HP's sales pitch for the Modular Cooling System is pretty straightforward--it will allow blade server-level power densities in a data center that was never designed for them. And, because it takes heat directly out of server racks instead of relying on inefficient air cooling systems, companies can spend less money on cooling--as much as 30 percent, says Perez. But the savings can be much larger than that. Perez calculates that an 11,000 square foot data center consumes about 3.6 megawatts of power and costs about $16 million to build in a major metropolitan area. With the Modular Cooling System as designed by HP and Rittal, you can cram the same servers into about 3,000 square feet, you don't need a raised-floor, air-cooled environment, and you can chop the cost to about $7.4 million. HP has deployed the Modular Cooling System in its HP Labs facility in Palo Alto, California, and has cut its energy bill by 25 percent, and the data centers in its Houston facility also use it.
In addition to the water-cooling system, HP also this week rolled out a new set of racks, the HP 10000 G2 Series, that allow all of HP's storage and servers to use the same racks. Up until now, HP and Compaq lines have had seven distinct types of racks, and they are not compatible even if the form factors of servers they held were uniform and standard. This new rack was designed to speed up the Factory Express custom-build process, according to Perez, but in all honesty, just moving to one new rack from seven different types (with seven different rail systems and other widgets) would probably account for most of the improvements that workers see in the factory. The new racks have more intelligent power distribution units, too, which were co-developed with Eaton, the power specialists from Cleveland, Ohio. The 36U rack costs $1,200, and the 42U rack costs $1,249.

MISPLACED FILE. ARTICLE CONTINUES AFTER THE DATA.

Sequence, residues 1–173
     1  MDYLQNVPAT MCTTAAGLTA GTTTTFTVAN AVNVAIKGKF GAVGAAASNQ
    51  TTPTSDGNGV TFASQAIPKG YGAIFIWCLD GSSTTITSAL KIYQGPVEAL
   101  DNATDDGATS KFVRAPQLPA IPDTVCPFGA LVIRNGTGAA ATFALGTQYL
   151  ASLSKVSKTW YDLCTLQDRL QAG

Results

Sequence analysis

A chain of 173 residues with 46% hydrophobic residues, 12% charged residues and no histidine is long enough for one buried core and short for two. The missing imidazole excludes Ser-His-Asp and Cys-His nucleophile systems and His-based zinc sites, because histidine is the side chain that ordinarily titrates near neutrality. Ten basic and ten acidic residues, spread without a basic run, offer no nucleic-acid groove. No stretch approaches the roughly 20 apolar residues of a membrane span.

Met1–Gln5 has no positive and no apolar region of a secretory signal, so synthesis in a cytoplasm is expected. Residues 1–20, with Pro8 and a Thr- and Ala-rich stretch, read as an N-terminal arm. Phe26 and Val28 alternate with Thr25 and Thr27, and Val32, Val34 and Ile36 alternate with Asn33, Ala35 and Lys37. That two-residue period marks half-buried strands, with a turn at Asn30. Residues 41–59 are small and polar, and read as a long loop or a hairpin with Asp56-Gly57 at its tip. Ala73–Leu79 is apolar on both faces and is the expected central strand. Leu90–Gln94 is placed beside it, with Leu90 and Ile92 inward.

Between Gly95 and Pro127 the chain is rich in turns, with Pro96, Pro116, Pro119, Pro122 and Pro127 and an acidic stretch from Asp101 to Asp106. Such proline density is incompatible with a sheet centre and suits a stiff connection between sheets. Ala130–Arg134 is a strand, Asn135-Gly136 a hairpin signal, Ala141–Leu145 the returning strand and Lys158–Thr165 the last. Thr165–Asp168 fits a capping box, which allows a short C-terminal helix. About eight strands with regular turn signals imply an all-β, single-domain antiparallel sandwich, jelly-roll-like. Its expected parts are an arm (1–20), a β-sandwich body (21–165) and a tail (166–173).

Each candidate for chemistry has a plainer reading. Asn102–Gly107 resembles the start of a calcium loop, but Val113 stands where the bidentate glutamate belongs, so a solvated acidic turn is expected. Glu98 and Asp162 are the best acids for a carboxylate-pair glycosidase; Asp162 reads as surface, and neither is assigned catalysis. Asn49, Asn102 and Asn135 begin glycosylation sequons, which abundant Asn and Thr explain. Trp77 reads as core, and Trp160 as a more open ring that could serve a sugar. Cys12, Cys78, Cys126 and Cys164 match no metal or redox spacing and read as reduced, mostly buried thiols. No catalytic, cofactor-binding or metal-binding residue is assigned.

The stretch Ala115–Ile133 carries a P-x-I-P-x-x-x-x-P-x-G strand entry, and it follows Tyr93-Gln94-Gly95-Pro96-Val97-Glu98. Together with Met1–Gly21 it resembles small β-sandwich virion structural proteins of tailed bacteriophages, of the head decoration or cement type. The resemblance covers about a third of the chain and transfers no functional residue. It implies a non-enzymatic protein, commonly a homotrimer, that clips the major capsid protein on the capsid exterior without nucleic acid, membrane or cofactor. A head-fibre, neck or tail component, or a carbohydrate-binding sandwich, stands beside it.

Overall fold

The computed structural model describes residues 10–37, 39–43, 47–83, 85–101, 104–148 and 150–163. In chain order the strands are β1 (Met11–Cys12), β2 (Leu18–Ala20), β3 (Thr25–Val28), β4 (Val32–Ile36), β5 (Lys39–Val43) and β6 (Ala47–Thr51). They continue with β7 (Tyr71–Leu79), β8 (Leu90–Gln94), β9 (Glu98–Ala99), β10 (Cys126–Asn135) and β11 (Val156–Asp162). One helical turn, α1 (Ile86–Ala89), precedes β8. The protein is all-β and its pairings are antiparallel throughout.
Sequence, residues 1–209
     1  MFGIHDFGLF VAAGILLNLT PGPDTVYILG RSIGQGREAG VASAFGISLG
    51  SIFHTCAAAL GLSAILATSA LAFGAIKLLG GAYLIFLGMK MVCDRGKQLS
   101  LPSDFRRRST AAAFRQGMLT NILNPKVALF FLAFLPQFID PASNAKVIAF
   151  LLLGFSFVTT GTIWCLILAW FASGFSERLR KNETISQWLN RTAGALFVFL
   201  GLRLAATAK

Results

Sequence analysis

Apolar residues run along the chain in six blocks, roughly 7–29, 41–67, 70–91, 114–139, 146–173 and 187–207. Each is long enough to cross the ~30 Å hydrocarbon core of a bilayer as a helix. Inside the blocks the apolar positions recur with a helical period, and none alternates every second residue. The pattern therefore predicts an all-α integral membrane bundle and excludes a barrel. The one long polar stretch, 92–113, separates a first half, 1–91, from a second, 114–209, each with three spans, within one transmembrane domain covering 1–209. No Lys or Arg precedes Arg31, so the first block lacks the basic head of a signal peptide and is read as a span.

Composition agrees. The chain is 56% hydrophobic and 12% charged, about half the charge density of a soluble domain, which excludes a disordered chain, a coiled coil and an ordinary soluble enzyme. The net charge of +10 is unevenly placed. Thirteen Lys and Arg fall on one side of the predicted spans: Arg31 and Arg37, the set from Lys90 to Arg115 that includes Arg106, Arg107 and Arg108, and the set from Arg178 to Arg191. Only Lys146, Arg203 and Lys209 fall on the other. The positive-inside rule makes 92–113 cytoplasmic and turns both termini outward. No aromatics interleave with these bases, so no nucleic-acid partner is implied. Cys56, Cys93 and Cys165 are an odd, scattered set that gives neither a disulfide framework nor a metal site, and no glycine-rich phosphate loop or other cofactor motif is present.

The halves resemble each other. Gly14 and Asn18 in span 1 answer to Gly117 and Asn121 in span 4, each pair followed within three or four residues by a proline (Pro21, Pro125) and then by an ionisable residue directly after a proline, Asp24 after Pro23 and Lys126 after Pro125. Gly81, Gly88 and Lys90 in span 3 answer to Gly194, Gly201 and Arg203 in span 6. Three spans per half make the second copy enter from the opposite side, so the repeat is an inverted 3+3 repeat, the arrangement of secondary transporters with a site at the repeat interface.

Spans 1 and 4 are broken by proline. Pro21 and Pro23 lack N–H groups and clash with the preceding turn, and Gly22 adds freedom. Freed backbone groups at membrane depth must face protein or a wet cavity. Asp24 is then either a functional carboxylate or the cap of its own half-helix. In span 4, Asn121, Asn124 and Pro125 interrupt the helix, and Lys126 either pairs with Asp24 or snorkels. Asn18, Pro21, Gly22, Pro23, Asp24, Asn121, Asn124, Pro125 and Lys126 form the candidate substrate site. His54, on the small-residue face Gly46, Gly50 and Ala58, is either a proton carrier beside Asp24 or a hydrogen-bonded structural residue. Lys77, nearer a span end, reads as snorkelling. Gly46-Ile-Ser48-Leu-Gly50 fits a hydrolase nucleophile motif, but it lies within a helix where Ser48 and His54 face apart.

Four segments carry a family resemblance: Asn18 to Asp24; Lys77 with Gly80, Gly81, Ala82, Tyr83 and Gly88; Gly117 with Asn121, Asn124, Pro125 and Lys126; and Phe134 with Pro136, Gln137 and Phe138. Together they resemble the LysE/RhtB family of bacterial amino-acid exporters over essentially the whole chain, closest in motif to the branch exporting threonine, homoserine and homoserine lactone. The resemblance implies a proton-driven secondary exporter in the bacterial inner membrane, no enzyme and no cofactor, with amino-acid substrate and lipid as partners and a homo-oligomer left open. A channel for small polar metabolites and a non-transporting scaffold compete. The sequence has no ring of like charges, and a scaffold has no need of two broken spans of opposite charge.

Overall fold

And finally, HP has announced new power assessment services to help companies cut their power bills even as they add more power-hungry servers to their data centers. "Just like data centers have to over-provision their servers for peak workloads, they have over-provisioned their data center power and cooling for hot spots," explains Perez. HP is partnering with Eaton to analyze power distribution from the point it leaves the electrical substation and ends up in the data center. So HP's experts are willing, for a fee, to do a power assessment, look at the temperature and thermals of your data center, and do a data center plan for you. Such a service debuted out of necessity, says Perez, a few years ago when HP rolled out the power-hungry Superdome servers. Companies didn't have a lot of experience with such behemoths, and HP wanted to make sure they were kept fed with electricity and cool enough to perform well.